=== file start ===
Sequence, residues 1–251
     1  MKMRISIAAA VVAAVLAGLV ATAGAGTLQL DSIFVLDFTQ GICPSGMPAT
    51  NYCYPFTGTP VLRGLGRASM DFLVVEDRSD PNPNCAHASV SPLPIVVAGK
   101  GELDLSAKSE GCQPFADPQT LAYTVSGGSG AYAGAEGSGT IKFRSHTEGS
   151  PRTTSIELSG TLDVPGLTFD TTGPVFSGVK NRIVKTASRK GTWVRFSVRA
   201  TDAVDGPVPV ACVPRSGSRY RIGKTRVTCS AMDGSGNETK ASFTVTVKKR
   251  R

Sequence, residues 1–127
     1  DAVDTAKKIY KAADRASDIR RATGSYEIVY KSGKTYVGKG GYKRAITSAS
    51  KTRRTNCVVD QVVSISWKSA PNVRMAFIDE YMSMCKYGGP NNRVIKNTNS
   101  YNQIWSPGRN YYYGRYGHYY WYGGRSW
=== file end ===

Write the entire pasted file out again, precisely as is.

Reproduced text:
Sequence, residues 1–251
     1  MKMRISIAAA VVAAVLAGLV ATAGAGTLQL DSIFVLDFTQ GICPSGMPAT
    51  NYCYPFTGTP VLRGLGRASM DFLVVEDRSD PNPNCAHASV SPLPIVVAGK
   101  GELDLSAKSE GCQPFADPQT LAYTVSGGSG AYAGAEGSGT IKFRSHTEGS
   151  PRTTSIELSG TLDVPGLTFD TTGPVFSGVK NRIVKTASRK GTWVRFSVRA
   201  TDAVDGPVPV ACVPRSGSRY RIGKTRVTCS AMDGSGNETK ASFTVTVKKR
   251  R

Sequence, residues 1–127
     1  DAVDTAKKIY KAADRASDIR RATGSYEIVY KSGKTYVGKG GYKRAITSAS
    51  KTRRTNCVVD QVVSISWKSA PNVRMAFIDE YMSMCKYGGP NNRVIKNTNS
   101  YNQIWSPGRN YYYGRYGHYY WYGGRSW